In 2019 we put on a fundraiser In April for "End of the Rainbow" at the Cable Top Eatery and in October we had a second fundraiser for "Judy The Movie" at Penthouse Cinema.
'Judy' Penthouse Cinema Fundraiser
Thursday 17th October 2019, 6pm
Celebrate the premiere of "Judy" for our Fundraiser Night. Throw on your sequins for spot prizes, raffles and free bubbles. Tickets are $25 for Thursday October 17th - Movie starts 6.15pm
Tania (0220 239 404 / firstname.lastname@example.org) or
Chelle (027 222 0332 / email@example.com) or Messenger us to book!
We are then hosted at Scotty and Mals (176 Cuba Street, Te Aro) for our Grand 'Lookalike, Lipsync and Live' competition from 8:30pm. Relive the glamour and heartbreak that is 'Judy'.
When Rochelle Rose and Tania Parker met during the 2016 production of Sister Act a beautiful friendship was born.
Having both worked professionally as well as being tutors of their craft for many years, they had a vision. It was a vision that has resulted in Wing It Productions coming to life.
We have the experience to produce international quality theatre while bridging the gap between amateur and professional art by gathering an outstanding team of fully professional people who are well placed to offer the training ground.
Wing It will work tirelessly to provide opportunities in the wider community, and champion the causes that we are both passionate about.
Wing It Productions was established out of our passion to bring professional quality theatre to our audiences, encapsulating our vibrant and diverse community while creating opportunities and mentorship to grow experience in the industry.
- To build a sustainable and ever more vibrant theatrical community
- To create a bridge into professional theatre, allowing our many talented up and coming performers greater opportunities
- To form a bond between Wellington’s many diverse theatrical enterprises which encase a wide range of cultures and genres
- To support social enterprise by way of Events and Galas to raise funds and awareness of charities such as the Sisters of Compassion Soup Kitchen
Wing It Productions Ltd has already signed a contract for the Australasian rights to Nunsense, the longest running off-Broadway hit ever.
Writer Dan Goggin, a strong supporter of community theatre has, after seeing our original concept and philosophy, granted Wing It Productions Ltd these rights and on March 29th 2017 released the TV pilot (https://www.youtube.com/watch?v=CdB3NAnfjbc) which is available on Netflix in many different countries.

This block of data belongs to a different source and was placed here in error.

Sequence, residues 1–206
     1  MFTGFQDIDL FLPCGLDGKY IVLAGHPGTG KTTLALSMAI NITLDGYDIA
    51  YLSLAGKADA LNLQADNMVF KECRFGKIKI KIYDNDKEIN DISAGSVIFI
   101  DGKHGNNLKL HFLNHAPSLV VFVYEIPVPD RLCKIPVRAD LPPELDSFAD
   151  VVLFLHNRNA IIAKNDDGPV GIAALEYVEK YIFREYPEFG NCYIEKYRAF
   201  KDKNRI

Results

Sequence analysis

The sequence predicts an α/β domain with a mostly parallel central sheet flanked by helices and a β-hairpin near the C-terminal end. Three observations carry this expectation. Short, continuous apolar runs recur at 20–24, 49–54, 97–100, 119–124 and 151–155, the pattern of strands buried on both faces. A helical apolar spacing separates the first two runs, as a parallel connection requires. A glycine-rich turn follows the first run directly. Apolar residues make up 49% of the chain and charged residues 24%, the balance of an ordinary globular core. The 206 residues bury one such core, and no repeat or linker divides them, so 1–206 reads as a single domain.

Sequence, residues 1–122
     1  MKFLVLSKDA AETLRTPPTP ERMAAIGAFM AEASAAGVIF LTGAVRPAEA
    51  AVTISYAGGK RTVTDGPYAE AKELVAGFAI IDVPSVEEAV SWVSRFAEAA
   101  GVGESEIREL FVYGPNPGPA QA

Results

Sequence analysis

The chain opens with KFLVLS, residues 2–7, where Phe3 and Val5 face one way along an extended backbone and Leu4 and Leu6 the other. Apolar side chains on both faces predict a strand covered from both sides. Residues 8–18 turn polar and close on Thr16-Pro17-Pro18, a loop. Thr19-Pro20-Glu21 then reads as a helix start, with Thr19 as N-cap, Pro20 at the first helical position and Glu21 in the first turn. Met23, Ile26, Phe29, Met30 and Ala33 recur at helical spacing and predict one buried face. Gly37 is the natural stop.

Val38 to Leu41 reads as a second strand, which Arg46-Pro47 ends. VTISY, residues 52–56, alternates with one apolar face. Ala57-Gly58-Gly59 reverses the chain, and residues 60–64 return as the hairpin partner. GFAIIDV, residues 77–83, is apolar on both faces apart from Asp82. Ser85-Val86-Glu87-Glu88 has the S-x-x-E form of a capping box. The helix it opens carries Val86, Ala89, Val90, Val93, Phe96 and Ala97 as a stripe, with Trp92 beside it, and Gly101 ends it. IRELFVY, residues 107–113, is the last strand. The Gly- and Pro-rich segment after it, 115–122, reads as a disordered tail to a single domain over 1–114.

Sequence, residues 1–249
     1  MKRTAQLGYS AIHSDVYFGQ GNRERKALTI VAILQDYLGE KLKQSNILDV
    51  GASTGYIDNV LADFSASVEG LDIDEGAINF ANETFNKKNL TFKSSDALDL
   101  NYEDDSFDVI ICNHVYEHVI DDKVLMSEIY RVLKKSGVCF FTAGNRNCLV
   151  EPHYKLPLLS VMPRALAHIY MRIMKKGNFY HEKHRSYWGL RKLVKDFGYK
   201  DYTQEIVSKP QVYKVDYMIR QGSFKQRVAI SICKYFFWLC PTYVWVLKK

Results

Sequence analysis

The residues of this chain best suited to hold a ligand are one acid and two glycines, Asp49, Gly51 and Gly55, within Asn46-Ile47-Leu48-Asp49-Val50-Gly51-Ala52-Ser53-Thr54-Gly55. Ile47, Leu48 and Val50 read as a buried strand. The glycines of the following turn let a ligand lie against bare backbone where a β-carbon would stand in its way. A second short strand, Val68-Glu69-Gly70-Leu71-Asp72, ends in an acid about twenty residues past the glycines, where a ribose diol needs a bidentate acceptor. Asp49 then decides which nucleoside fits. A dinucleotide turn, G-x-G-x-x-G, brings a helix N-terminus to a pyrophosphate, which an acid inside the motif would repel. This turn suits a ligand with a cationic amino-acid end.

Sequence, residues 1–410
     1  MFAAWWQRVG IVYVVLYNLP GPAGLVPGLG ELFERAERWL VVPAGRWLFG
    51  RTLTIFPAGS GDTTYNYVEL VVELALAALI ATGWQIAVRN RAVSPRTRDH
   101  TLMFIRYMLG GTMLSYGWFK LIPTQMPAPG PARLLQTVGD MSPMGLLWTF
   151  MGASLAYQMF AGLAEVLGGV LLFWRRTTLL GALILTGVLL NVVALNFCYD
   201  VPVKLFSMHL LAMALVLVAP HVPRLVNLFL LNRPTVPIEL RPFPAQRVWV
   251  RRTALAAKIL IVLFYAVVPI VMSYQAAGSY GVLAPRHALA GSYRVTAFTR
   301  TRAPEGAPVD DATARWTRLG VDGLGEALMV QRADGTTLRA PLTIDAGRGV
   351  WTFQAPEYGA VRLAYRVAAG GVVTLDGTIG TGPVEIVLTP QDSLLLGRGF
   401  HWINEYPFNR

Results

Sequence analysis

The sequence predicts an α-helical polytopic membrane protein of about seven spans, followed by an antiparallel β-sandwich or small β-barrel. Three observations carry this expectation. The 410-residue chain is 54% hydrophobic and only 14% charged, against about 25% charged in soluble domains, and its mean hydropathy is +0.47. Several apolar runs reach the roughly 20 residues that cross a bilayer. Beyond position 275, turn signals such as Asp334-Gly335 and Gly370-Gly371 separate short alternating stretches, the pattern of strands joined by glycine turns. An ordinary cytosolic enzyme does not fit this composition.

We are facilitating a New Zealand premiere and an invitation to Dan Goggin to coincide with our show.
We are living our “point of difference”, our philosophy of cooperative and collaborative action in Wellington’s theatre community, by using our networks to actively pursue opportunities. So far these have included donations of
- The free use of costumes
- Sponsored design and lighting
- Significant printing costs
- Rehearsal space.
- Sister Mary Annette (Puppet).
Future projects are an original co-production for the Dance On Trust Gala and then Handel's ‘Rinaldo’, in association with award winning Executive Director of Kickstart - Steven Stead (former ENO Director) in 2019.
Jan 30th to Feb 10th 2018 with Lyndee-Jane Rutherford (Director)
Nunsense ran for 14 shows from Jan 30th to February 10th 2018.
- Director: Lyndee-Jane Rutherford
- Music Director: Michael Nicholas Williams
- Mother Superior: Jane Keller Sister
- Mary Hubert: Bronwyn Turei
- Sister Mary Leo: Rebecca Tate
- Sister Amnesia / Producer: Tania Parker
- Sister Robert Anne / Choreographer / Producer: Rochelle Rose
- Wingman - Dave Parker
- Jeff Hewitt - Sponsor Metro Productions
- Wingman - Libby Dearnley
- Wingman - Ben Emerson
- Wingman - Adele Child
- Wingman - Kevin Orlando
London 2002 with Steven Stead (Director)